Senate Week in Review: February 18-22, 2019

Illinois’ new Governor outlined his spending plan for the coming year during the week, after signing a controversial minimum-wage measure into law.

In other action, Senate committees continued their work of hearing public debate of bills to determine if they will advance to the full Senate for a vote.

Also during the week, two environmentally-minded legislative packages, which have gained bipartisan support, would offer communities greater protections from ethylene oxide, and would help protect the primary water source for Central Illinois.

Budget Address

Governor J. B. Pritzker delivered his first Budget Address February 20 to a joint session of legislators in the House of Representatives Chamber.

The annual Budget Address is where we begin negotiations, and start the process of considering every option and hammering out the details. This year, our new Governor promised that he will work in a bipartisan manner; however, many of his early ideas, legislative actions, even this Budget Address do not reflect a spirit of compromise.

The working class deserves more than lip service. I have real concerns about some aspects of this budget proposal. New taxes plus more spending without common-sense reforms or cuts to wasteful government programs are not the best ways to prioritize working families.

A better approach would be for lawmakers to work together to make the tough decisions necessary to pass a balanced budget with structural reforms that will boost the economy and create jobs – thus increasing revenues for the state instead of simply relying on more and higher taxes.
Fiscal Year 2020 runs from July 1, 2019, through June 30, 2020.

Governor signs controversial minimum wage hike

Less than a week after Democrat legislative leaders forced through a minimum wage hike, Governor Pritzker signed Senate Bill 1 into law on February 19.  The controversial legislation was advanced by the Senate and House on party-line votes, despite economic concerns from employers and public groups.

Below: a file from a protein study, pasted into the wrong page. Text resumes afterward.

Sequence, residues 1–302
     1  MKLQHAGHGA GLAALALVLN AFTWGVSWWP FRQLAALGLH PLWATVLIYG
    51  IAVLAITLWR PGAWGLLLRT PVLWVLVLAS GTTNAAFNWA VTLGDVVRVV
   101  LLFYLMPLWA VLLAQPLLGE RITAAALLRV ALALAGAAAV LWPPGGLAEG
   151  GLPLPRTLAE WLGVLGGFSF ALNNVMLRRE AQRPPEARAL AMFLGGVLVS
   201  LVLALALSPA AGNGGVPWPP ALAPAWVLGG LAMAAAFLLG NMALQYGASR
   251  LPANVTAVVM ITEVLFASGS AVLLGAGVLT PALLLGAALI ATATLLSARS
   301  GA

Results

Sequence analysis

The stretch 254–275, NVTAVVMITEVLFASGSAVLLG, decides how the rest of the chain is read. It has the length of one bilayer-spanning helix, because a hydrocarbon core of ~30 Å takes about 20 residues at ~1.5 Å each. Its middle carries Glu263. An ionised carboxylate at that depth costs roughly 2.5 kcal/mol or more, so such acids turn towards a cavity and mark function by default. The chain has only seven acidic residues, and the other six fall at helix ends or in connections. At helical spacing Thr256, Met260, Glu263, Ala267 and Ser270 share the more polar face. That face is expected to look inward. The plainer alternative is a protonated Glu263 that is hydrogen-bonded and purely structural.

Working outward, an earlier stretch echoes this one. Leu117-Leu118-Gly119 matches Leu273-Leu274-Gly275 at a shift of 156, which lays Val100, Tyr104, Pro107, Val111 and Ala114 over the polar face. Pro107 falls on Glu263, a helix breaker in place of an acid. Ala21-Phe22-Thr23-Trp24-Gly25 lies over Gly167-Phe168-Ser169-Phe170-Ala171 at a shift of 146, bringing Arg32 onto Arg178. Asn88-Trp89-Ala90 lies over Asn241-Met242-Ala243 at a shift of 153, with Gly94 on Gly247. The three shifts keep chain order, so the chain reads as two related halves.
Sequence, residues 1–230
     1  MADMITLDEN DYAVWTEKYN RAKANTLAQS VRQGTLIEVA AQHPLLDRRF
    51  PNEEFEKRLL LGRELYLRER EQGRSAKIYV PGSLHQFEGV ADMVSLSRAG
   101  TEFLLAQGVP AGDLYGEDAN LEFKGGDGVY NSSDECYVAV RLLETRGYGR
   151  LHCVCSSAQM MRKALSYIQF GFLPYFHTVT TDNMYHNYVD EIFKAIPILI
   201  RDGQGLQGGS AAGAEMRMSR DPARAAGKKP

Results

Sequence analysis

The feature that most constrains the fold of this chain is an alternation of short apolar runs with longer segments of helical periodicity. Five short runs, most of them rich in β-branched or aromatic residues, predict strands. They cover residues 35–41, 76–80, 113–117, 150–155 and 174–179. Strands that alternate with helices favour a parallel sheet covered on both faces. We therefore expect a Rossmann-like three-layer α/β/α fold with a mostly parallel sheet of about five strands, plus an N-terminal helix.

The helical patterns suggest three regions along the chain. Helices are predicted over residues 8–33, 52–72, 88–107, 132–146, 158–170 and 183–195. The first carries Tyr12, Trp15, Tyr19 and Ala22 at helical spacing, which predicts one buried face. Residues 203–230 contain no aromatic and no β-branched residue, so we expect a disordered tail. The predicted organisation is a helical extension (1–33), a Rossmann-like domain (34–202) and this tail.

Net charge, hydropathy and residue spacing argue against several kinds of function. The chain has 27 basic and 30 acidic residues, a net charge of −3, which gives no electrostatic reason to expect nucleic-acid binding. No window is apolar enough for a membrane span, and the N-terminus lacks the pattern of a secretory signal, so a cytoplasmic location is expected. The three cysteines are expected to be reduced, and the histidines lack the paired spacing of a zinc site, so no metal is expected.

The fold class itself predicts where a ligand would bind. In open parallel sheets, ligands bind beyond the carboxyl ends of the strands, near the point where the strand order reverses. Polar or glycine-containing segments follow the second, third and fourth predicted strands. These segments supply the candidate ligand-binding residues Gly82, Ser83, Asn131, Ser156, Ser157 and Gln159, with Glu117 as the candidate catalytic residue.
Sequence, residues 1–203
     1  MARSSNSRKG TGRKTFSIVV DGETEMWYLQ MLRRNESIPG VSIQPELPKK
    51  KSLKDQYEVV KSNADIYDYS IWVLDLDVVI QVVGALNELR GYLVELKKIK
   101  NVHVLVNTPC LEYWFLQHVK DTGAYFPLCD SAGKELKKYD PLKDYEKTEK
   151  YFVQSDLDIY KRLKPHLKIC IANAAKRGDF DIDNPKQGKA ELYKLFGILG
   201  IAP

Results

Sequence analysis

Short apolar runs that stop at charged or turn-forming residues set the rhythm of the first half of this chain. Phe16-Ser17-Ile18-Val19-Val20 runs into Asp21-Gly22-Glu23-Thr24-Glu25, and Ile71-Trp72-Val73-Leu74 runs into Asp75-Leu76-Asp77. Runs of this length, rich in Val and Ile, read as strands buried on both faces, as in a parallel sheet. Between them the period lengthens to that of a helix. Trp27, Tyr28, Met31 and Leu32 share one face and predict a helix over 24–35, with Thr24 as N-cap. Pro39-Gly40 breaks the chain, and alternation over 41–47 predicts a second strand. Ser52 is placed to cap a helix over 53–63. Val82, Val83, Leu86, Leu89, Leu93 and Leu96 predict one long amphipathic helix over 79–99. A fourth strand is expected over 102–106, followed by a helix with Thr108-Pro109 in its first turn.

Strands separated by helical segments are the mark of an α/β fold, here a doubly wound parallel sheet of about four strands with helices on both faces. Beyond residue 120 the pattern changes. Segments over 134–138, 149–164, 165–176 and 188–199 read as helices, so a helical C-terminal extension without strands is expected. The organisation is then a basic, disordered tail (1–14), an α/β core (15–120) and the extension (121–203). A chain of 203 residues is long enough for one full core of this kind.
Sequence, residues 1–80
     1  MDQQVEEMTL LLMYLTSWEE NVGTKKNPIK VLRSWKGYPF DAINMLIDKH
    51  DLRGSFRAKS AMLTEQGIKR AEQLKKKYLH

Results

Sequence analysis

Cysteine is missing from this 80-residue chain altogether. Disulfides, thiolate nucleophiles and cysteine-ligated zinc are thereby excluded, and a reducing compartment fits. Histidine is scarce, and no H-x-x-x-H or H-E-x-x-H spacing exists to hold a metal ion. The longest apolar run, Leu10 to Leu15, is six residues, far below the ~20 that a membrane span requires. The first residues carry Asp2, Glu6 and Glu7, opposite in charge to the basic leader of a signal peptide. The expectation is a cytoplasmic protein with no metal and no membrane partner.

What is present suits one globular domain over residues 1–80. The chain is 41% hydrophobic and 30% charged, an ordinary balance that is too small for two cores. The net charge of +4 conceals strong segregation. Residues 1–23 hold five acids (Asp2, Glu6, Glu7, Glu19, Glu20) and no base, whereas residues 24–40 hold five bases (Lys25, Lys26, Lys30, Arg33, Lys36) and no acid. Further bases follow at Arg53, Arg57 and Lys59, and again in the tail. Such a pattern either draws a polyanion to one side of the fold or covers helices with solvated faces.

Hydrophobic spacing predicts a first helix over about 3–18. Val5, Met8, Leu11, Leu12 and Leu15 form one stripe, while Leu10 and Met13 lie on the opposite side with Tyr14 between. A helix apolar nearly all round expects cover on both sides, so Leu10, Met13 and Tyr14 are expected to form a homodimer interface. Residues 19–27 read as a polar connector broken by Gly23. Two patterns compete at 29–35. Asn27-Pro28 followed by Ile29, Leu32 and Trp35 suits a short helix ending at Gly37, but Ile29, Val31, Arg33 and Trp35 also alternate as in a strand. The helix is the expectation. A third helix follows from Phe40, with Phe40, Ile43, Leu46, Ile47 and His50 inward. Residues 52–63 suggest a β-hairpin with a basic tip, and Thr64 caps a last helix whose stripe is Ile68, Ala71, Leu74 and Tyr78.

The plan would raise the minimum wage to $15 per hour over six years, and to $13 per hour during the same period for those employees younger than 18.
Opponents of the plan noted the vast differences in the cost of living across Illinois.  They also raised concerns that the incremental increase could have far-reaching implications for employers across the board, including an increase in annual costs for state agencies, local school districts, human service providers and hospitals.

And who will pay those costs? It will be the hard-working families of Illinois, who have told me time and time again that their top concern is the rising costs associated with government.

A better way to increase wages for working families is to create and boost economic opportunity. The more jobs created, the more people go to work. The more demand for employees and employers will increase wages to secure good employees, providing a living wage for more working families. It’s not complicated.

Greater protections from ethylene oxide